Tuesday, June 22, 2010

Keynesian Budget Deficits

A very casual reading of economics may leave you with the impression that Keynesian economics believes in 'budget deficits' Whilst conservative economic thought believes in responsibility and the reduction of budget deficits.

There is always a danger of simplifying economics, and this view would be misleading. Keynesian theory advocates government borrowing only in cyclical downturns when there is a rise in private sector saving and period of unemployment. In a cyclical upturn, there should be the reverse of borrowing - governments should take the opportunity to reduce the budget deficit, and if appropriate run a surplus. See (principles of borrowing)

For example, it was a mistake for the Labour party to increase borrowing in the period 2003-04 by raising public spending. The rise in debt to GDP seemed innocuous enough at the time ( a rise in debt from 29% to 35% of GDP hardly seemed cause of much concern, and there wasn't much criticism at the time.) However, in retrospect, it was a mistake to run a bigger deficit in a period of economic boom.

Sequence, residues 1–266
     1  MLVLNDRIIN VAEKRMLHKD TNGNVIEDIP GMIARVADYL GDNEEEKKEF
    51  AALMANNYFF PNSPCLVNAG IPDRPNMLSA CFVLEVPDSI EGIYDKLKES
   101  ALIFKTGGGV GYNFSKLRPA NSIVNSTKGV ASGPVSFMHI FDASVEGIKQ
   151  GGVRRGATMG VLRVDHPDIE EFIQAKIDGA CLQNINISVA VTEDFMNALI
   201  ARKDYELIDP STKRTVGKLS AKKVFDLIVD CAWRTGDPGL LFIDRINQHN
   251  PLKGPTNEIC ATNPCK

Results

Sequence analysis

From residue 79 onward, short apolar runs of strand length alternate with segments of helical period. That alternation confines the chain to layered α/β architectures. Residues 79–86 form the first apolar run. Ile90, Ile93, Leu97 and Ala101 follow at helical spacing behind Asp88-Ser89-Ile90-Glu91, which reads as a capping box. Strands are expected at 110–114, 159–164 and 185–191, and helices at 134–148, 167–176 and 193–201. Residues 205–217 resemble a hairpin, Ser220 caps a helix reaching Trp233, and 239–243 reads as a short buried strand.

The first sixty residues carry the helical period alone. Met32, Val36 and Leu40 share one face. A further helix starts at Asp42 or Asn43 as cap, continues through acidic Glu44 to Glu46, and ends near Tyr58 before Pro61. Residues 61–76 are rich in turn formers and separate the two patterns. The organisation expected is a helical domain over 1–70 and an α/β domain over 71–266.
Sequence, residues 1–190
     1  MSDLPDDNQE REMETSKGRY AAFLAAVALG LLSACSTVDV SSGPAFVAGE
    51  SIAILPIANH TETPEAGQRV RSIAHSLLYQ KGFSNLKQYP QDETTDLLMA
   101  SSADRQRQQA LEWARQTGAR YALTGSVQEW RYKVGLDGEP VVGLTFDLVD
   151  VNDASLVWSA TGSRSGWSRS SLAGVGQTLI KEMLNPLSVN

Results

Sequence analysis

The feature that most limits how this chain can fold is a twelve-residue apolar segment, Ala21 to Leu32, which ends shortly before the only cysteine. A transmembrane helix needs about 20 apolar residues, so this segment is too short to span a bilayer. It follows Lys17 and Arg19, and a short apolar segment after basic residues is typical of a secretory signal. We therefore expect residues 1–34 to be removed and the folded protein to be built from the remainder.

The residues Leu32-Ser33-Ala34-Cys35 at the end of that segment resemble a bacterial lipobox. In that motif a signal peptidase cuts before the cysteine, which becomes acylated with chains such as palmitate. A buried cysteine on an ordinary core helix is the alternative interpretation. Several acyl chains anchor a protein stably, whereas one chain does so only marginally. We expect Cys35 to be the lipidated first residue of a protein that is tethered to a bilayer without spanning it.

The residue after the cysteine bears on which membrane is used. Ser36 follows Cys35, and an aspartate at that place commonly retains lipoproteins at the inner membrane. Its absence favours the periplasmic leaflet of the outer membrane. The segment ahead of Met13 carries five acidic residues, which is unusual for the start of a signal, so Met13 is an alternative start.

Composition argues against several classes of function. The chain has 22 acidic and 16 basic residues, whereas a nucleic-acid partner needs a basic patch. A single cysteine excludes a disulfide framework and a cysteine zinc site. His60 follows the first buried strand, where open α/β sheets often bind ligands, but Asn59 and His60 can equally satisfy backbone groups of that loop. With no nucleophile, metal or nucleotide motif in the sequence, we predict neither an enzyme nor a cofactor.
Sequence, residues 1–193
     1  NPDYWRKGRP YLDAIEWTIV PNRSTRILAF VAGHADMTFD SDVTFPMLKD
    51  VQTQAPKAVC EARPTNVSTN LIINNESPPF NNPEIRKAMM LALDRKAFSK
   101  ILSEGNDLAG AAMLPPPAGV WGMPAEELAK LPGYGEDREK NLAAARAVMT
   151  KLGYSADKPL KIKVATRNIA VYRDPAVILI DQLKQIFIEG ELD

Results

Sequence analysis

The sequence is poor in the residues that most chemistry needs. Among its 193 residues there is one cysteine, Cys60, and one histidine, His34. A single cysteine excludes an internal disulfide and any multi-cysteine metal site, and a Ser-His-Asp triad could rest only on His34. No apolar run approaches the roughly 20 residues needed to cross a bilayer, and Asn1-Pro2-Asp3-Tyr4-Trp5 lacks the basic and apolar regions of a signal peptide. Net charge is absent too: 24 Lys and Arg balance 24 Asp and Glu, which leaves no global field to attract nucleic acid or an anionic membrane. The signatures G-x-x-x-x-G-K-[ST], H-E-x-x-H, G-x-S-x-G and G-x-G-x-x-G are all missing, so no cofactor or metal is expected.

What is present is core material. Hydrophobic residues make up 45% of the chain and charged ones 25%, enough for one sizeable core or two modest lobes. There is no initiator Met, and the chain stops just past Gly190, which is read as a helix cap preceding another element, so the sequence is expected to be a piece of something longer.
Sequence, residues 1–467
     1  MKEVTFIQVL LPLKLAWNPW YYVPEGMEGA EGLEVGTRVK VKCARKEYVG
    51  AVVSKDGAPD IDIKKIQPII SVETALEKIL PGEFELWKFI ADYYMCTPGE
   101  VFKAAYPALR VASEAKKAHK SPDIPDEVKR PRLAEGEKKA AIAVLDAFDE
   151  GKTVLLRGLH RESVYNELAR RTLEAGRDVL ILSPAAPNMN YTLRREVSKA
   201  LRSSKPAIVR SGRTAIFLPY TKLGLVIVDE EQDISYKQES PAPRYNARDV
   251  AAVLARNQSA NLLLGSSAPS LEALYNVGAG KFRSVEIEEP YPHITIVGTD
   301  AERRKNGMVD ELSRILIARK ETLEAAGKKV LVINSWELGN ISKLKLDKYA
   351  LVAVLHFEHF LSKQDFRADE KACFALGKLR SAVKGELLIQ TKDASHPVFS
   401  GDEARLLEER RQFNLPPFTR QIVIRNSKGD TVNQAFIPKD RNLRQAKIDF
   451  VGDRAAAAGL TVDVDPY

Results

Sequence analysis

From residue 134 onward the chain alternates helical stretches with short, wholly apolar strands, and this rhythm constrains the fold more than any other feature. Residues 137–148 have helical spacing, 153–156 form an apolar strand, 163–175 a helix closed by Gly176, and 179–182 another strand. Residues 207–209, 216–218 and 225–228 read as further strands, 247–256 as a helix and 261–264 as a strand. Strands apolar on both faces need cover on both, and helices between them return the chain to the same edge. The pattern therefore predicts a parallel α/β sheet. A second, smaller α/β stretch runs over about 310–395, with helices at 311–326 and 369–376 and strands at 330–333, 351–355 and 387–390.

It was a similar story in the late 1980s, when the chancellor responded to an economic boom, by er cutting income tax to put even more fuel on the fire of an overheating economy (Lawson boom)

It is the same story in the US. In 2001, conservatives were deeply worried about the prospect of budget surpluses they had inherited from the Clinton administration. They feared the prospect of the government having too much budget surplus and having to do things like invest to provide for long term pension commitments and other 'socialist' nonsense. It's hard to believe only a few years ago, American conservatives were worrying about having a budget surplus. But, it was this ideology which justified huge income tax cuts for the middle class, at a time when the housing bubble was just getting underway. (see: forgotten Conservative campaign to avoid budget surplus

It is of small irony, that Republicans, such as, Senator Ben Nelson, who recently voted to cut unemployment benefits (worth a small $77 billion on grounds economy couldn't afford it) was the same senator instrumental in passing the first Bush tax cut, which cost a cool $1.3 trillion. It is a case of getting everything the wrong way round.

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